Jim Bianco, head of Chicago-based Bianco Research, described it this way a few weeks ago on the Macro Voices podcast: “You could basically back up 20 years ago, or 25 years ago, and talk about the vision of the internet and you could have been completely right and said, ‘I think that things like search are going to really drive the internet and internet retailing is going to take off.
“And 20 years ago, you would have plowed all your money into Lycos and you would have plowed all your money into pets.com and both of them went to zero. ‘OK, OK, well then, you know, maybe then I’ll put my money into AltaVista,’ and it went to zero as well, too. And then you would have given up on the idea.”
Mr. Bianco reminds us the “next big thing” in search turned out to be Google — which didn’t go public until 2004. And while selling pet food online was a bust a generation ago, the share price of Chewy has more than doubled since it went public in June 2019.
So it’s a supremely challenging task with crypto — like having the presence of mind to plow venture capital into Google in 1998 while keeping a wide berth from pets.com.
If anyone’s up to the task, it’s our own James Altucher — who’s days away from launching his most ambitious crypto project for our readers yet.
Reminder: James was talking up Bitcoin on CNBC in 2013 when it was only $63. As we write this morning, it’s at $59,609.
He personally invested in Filecoin at 52 cents. Checking our screens today, it’s $55.07.
Now, at one of the most exciting but also one of the most perilous moments in the crypto space… James will put his expertise to work on your behalf, pinpointing early-stage cryptocurrencies with the most explosive potential.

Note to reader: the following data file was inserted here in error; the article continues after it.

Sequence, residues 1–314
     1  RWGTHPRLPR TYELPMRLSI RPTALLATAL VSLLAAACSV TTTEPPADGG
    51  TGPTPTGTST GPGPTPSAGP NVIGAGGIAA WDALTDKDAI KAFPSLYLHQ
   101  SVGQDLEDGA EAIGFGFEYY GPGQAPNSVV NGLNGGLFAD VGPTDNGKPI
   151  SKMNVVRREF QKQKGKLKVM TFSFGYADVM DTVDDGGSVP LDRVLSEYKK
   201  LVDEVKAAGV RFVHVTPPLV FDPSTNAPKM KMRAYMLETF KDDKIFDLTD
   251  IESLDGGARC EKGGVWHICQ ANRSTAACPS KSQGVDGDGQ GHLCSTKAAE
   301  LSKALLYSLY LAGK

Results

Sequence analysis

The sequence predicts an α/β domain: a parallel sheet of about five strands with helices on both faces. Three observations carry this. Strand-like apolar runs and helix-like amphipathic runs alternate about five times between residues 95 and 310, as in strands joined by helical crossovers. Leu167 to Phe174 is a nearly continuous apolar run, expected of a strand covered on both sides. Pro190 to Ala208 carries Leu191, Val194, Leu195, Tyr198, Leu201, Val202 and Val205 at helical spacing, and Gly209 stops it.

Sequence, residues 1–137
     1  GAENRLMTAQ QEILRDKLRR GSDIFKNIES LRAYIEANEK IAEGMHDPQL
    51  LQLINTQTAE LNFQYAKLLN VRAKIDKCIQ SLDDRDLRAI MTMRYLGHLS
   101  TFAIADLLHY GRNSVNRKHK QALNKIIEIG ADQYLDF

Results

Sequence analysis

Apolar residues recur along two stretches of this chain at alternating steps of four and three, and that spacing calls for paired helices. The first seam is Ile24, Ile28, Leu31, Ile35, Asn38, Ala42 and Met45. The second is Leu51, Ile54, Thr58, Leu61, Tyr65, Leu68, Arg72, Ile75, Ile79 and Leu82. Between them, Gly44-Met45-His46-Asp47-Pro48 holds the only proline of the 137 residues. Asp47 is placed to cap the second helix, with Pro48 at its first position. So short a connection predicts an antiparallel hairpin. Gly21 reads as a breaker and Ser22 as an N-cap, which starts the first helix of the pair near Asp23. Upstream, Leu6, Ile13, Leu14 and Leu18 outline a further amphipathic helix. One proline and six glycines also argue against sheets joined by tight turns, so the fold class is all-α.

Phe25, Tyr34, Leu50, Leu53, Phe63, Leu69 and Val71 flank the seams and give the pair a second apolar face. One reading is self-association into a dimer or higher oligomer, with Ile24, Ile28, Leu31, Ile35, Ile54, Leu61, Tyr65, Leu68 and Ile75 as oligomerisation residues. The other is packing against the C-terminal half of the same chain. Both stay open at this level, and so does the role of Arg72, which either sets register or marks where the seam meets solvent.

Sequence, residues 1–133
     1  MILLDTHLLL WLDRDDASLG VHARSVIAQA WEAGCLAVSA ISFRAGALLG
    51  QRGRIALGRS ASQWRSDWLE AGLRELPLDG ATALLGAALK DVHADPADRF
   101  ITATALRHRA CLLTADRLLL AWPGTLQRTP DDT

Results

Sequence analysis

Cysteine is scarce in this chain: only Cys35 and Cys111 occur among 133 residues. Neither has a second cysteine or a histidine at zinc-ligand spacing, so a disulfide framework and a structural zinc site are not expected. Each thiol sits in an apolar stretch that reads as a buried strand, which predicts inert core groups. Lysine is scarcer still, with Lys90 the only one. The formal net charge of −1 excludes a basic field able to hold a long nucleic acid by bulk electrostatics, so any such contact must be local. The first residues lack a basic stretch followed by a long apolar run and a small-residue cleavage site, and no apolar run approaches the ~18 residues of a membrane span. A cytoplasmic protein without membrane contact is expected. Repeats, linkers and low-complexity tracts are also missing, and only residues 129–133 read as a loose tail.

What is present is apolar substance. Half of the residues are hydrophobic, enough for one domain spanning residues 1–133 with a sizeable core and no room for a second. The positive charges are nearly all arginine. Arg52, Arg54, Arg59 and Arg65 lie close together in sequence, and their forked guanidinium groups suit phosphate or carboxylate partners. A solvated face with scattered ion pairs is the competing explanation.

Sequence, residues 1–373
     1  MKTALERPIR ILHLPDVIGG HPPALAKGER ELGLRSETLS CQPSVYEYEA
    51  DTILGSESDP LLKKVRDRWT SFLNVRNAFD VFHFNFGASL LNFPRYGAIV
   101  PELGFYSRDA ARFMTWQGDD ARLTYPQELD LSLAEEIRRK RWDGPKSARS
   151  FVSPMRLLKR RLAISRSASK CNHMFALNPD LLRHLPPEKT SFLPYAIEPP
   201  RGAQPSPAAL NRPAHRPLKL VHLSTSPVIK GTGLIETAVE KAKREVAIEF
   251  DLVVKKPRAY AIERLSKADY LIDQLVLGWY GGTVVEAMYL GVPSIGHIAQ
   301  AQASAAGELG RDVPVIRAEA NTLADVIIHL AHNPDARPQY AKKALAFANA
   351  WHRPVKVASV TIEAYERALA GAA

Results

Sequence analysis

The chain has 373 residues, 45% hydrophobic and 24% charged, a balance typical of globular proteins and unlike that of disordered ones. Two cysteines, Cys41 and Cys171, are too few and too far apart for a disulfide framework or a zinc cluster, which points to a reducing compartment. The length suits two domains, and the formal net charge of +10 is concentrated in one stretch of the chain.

I just checked with our publisher: The big announcement is set for one week from today. Stay tuned…
To the markets, where precious metals are perking up again.
After a couple days of backing and filling, gold is up nearly $14 at last check to $1,864. And silver’s back above $25.
Stocks are mostly a snooze: The Nasdaq is pancake-flat at 15,976. The S&P 500 has slipped a hair below 4,700. The Dow is down less than half a percent, back below 36,000.
Crude is getting clobbered after the Energy Department’s weekly inventory numbers — down $1.82 and below $79. Meanwhile, the president is asking the Federal Trade Commission to look into whether Big Oil is colluding to keep fuel prices high… because of course he would.
The endless supply-chain snags are putting a hurt on new home construction.
There’s no other conclusion to be drawn from the Census Bureau’s numbers on housing starts out this morning: They fell 0.7% last month — way more than the “expert consensus” among dozens of economists polled by Econoday.